As the name would suggest, AFK ARENA has things that happen in the game when you are not playing it. This is a well-established model. Tapping games allow you to gain resources just by tapping the screen. Many (probably most) of these games eventually level up to the point where the tapping is automated, meaning you can earn resources while NOT playing. Ahhh, the sweet smell of passive income.
The inclusion of passive or idle income in AFK Arena is the biggest difference with Raid. In almost every other aspect they are very similar. AFK has a seemingly endless selection of characters, each with their own strength, attributes and affinity. Whereas the Raid characters have a pleasing animation, the AFK characters are beautifully rendered, but still very two dimensional, and very static. When they fight, the movement is Monty Python-esque, but you can still watch hit points and ultimate talents and everything else we expect to see in an area game.
To make up for the much lighter graphics load, AFK Arena gives each character and detailed backstory that locates them in the mythology of the game. I find this to be incredibly endearing since the more developed characters stay with you for a while. Also, the stories and even fighting depictions include some humor. It’s all very delightful.
Like Raid, AFK offers a long progression in campaign mode that gives your heroes the experience to keep enriching your team and leveling up. Instead of head-to-head contests, the PvP aspect is played out on leaderboards. I don’t even know if that classifies as PvP, but it does give the dedicated player a chance to special rewards by beating his fellow players.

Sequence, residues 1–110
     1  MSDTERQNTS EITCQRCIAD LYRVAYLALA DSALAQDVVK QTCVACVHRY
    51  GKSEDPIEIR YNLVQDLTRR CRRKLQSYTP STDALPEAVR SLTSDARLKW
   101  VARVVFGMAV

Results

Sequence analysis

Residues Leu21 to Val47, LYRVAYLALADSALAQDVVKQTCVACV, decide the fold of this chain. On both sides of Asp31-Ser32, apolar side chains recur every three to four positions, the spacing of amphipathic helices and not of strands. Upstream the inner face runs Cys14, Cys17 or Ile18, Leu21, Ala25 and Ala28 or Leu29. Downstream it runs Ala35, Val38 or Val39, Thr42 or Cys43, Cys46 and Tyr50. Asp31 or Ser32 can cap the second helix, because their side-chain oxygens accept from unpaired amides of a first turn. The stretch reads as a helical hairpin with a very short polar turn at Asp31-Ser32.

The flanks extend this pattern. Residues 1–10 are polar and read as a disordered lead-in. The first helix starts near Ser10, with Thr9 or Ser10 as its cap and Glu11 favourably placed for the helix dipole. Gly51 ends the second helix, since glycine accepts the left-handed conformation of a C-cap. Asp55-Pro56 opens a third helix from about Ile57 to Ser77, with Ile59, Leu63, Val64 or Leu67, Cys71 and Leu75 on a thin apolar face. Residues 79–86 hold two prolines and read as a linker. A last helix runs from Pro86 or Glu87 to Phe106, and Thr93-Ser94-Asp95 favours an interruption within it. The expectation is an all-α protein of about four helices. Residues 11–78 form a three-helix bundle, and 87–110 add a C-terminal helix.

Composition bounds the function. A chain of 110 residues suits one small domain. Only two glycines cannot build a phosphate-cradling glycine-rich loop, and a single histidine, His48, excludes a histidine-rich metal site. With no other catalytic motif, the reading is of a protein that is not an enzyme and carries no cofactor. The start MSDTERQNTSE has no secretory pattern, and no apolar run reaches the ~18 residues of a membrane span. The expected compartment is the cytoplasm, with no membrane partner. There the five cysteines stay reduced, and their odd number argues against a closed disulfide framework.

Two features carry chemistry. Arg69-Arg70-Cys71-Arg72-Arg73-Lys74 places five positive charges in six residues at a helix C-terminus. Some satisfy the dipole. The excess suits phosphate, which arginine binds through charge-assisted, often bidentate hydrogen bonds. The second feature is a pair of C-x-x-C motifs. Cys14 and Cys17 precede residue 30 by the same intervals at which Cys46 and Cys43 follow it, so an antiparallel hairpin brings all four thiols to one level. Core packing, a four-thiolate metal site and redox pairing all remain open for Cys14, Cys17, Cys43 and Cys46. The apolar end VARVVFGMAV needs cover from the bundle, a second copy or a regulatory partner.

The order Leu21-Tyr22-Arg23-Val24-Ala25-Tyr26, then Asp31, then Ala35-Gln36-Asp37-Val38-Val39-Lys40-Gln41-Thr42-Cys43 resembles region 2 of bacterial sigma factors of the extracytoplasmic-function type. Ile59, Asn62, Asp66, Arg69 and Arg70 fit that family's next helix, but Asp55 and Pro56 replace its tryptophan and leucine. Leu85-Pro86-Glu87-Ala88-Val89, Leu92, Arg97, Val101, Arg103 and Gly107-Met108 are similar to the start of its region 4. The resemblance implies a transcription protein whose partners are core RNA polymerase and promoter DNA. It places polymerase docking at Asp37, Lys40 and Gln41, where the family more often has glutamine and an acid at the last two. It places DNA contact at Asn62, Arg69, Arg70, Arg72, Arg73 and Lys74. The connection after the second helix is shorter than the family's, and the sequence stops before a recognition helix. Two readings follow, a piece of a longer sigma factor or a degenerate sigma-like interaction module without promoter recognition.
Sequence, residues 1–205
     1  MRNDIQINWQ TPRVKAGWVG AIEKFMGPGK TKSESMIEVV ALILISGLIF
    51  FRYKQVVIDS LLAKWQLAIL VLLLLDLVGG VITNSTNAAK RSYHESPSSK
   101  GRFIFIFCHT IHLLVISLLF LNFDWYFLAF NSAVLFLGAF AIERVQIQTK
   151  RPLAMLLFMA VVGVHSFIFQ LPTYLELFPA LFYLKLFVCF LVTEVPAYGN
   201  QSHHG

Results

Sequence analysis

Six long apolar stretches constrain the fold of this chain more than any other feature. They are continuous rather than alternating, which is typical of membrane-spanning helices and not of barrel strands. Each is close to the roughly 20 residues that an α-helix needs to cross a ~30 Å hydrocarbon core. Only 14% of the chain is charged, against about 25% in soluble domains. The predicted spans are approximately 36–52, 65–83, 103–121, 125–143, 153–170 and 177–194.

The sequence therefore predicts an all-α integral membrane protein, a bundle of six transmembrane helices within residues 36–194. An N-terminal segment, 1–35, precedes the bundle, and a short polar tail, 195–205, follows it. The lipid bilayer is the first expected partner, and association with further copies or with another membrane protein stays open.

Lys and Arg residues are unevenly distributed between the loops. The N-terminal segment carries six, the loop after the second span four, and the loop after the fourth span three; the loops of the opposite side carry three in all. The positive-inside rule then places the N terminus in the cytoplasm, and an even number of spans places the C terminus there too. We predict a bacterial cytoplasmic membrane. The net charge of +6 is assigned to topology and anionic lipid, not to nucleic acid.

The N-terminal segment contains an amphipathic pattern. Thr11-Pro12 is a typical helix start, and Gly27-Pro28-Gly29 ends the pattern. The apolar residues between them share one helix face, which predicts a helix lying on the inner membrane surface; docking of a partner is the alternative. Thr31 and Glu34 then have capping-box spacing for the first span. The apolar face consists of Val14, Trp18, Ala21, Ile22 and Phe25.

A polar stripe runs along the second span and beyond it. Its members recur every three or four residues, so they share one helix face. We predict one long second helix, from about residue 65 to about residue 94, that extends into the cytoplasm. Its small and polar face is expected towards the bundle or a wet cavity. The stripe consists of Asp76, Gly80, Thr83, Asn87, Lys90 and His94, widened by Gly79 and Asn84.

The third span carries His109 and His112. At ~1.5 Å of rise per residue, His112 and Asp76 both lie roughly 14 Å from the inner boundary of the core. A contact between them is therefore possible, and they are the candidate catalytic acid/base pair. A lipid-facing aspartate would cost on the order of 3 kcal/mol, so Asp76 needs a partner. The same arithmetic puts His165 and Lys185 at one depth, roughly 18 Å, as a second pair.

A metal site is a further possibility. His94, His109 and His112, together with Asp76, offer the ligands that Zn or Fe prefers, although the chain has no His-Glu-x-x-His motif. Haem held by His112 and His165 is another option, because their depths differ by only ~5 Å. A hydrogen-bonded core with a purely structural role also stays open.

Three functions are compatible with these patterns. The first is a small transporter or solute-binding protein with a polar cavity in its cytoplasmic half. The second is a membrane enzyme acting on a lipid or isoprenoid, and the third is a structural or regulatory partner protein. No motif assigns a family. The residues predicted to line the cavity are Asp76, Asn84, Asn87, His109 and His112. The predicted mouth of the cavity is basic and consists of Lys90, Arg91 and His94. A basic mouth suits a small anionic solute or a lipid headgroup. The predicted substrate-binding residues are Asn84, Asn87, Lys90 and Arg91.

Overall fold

There is also a team aspect for both games, but I haven’t sufficiently progressed in either one to really understand how they work. I am part of some cooperative network of players in AFK, but it’s more me following prompts and allocating resources rather than actually knowing what’s going on. IN raid, I haven’t even touched this part the game yet.
RELAX AND ENJOY
I look at both of these games as super casual. They both present an engaging resource-management scenario wrapped in some Dungeons and Dragons type style. The battles themselves are not even necessary (I automate half my battles in Raid and all my battles in AFK), although they are both enjoyable to watch. The real success is the interface of rewards, currencies, incentives and progression requirements that are designed to keep you play and get you paying. And even if you don’t pay, those interfaces still offer a satisfying experience. Progression slows down dramatically as you consider whether it’s worth it to pay for this kind of entertainment.
I was surprised that I got hooked on these games and ended up taking a genuine interest. My video game awakening is quite recent, despite my advanced age, and the idea of a big virtual world to explore (like in Fortnite and PUBG) has been a big part of that. These games, on the contrary go nowhere. But there is still exploration. The artistic and economic designs are so varying and detailed in how they work and fit together that playing both of these has still helped me escape the everyday.